Edit Blog Post
Published: October 5th 2007
Hi all! Been a while since I posted a blog - there is a lot to catch up on. Here goes...
August was supposed to be a quiet month in the lead up to our big September holidays. So much so that Brigid felt it would be a good time to enforce a beer and soft drink ban on herself post Rod’s departure given that the previous month had seen many a beer consumed. Didn’t quite turn out that way, though. Here’s a selection of August highlights…
The start of August saw the last few days of Rod’s visit and our last few days at Villa Rita. While I worked, Brigid and Rod gallivanted around the place - going to Mombasa to look for happy pants (and getting ¾ length pants made when they’d asked for full length. Oh dear…), hanging with the kids at Upendo (who were mighty impressed with Rod’s balding scalp and hairy legs) and generally causing confusion (people thought they were siblings, father and daughter, husband and wife... ).
The day after Rod left, we said a sad goodbye to Klein (no more dog!!) and moved house. Was the easiest house move of all
Our new house #1
From the front...
time - all our stuff easily fit in the back of a taxi - but it was interesting to see how much we’ve accumulated since our arrival with just back packs! Our new house is fantastic (thankfully, given that we hadn’t inspected it prior to moving in!!) - a little 2 bedroom place that overlooks the creek. An abundance of mismatched furniture, Indian knick knacks (most of which have thankfully been put away) and the world’s crappest calendars don’t take away any of its charm. It’s lovely sitting out on the verandah in the mornings watching the dhows go out to sea and the monkeys swing through the trees. What is not so great is being woken by the call to prayer from the mosque across the river at first light every morning!! As fantastic as Villa Rita was, I was quite happy to move somewhere smaller and where I didn’t feel ridiculously extravagant having 2 staff on hand all the time. The staff at Villa Rita (particularly Anne) were lovely and we got along with them very well, but it doesn’t feel right having someone waiting on you and it’s hard to feel like it’s ok to relax at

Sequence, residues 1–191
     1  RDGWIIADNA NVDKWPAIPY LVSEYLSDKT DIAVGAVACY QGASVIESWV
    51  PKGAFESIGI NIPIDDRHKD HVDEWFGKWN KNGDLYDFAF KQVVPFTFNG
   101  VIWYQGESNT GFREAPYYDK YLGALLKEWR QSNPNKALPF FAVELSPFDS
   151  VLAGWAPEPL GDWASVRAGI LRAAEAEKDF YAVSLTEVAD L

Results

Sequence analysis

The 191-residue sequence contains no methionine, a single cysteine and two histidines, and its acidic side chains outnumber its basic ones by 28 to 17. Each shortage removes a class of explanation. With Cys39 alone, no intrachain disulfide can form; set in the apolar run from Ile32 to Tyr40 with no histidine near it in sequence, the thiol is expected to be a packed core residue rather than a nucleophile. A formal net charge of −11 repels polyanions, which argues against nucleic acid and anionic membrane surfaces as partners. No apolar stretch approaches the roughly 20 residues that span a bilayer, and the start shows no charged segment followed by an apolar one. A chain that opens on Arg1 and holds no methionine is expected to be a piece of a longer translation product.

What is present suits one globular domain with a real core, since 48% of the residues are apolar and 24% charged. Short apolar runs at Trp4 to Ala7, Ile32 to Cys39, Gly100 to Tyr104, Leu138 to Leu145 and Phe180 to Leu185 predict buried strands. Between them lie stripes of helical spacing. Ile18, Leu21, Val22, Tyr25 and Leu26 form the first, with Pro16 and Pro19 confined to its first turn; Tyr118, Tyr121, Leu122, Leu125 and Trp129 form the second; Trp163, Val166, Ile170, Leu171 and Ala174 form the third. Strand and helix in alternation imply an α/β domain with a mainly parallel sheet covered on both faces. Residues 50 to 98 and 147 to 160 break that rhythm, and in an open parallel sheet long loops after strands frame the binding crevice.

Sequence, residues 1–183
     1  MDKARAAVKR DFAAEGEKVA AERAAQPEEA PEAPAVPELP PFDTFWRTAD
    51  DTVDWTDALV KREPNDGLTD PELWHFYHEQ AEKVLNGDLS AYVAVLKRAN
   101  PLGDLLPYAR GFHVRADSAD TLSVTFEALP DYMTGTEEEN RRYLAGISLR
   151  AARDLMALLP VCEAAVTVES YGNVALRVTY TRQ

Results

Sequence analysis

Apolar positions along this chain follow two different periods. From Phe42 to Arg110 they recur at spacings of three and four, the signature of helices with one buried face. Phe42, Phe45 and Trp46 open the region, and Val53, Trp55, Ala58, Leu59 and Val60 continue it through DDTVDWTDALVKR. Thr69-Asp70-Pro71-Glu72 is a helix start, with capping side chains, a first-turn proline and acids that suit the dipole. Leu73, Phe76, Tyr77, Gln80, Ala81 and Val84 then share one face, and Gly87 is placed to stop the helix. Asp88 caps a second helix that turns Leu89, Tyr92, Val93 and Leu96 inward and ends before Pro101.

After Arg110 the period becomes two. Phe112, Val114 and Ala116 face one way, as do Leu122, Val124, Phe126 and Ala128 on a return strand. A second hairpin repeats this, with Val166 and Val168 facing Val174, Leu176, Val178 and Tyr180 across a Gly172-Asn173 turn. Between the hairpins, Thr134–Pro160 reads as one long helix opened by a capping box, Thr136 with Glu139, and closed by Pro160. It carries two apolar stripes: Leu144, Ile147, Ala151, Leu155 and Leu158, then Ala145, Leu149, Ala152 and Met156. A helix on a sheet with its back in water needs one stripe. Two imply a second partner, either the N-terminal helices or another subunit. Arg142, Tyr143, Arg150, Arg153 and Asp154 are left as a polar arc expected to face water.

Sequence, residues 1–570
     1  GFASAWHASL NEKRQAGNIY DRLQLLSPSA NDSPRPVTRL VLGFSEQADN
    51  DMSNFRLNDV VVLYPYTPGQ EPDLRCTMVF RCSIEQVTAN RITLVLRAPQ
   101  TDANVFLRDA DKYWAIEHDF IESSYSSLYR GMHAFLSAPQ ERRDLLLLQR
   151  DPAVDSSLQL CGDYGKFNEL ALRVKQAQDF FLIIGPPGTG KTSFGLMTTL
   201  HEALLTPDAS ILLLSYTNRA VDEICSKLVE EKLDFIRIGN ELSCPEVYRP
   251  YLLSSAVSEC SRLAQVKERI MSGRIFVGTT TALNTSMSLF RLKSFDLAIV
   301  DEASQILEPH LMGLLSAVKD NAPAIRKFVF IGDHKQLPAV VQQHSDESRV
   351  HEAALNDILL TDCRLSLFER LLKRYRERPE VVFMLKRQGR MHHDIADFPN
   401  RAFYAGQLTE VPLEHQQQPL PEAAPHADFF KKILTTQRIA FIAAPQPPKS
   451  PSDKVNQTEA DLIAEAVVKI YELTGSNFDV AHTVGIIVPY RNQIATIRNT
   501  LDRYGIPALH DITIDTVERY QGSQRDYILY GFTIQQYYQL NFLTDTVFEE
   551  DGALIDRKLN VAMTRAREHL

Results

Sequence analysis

Our new house #2
From the back...
home when they’re bustling about working. We’re not doing all the chores though - there is a guy, Salim, who lives next door to us now (within the same gates) who is paid by our landlords to act as a kind of security guard and handyman if there’s anything that needs fixing (although there are some reciprocal favours here - he sometimes borrows Brigid’s bike to go into town). Also, there is a cleaner, Nuru, who had come twice a week for the previous resident. Not being keen to do our own hand washing, we jumped at the chance to keep her on!! The house is much closer to town - only 10 minutes walk from work and the main street, which is much more convenient. The only downside really is no Klein… oh, and the fact that our landlords are nuff nuffs… but don’t get me started on that one…
Speaking of the previous resident - Charlotte, an English girl who had been working in the lab for six months - we moved in a week before she moved out. One night, while getting things ready to leave, she decided that she’d do some washing. She went outside
Our new house #3
From the verandah looking down to the creek...
in the dark to get a bucket and fill it up at the tap in the garden, tripped and fell off the ledge and managed 3 (quite displaced) fractures of her foot. Brigid was the only one home at the time and was a little worried about how to deal with a screaming broken woman. Thankfully, Charlotte is a doctor and was able to sort herself out at home with some pain relief before going to the hospital in the morning. Was a pretty crappy ending to her trip, poor girl - especially as she had planned to go home via Uganda where she was to go kayaking.
The start of August saw some busy days at work finishing off some experiments in time for a Malaria Immunology conference held at work, where I had to present the findings of my study so far. There were a lot of extra faces around KEMRI for the week, which was a pleasant diversion from long days of lab work. The Saturday after the conference finished, a lot of us went out to Caroline and Nathan’s temporary house (they were living there while their landlords were out in Kilifi) which is an
Our new house #4
From the side - the building in this one is Salim's house.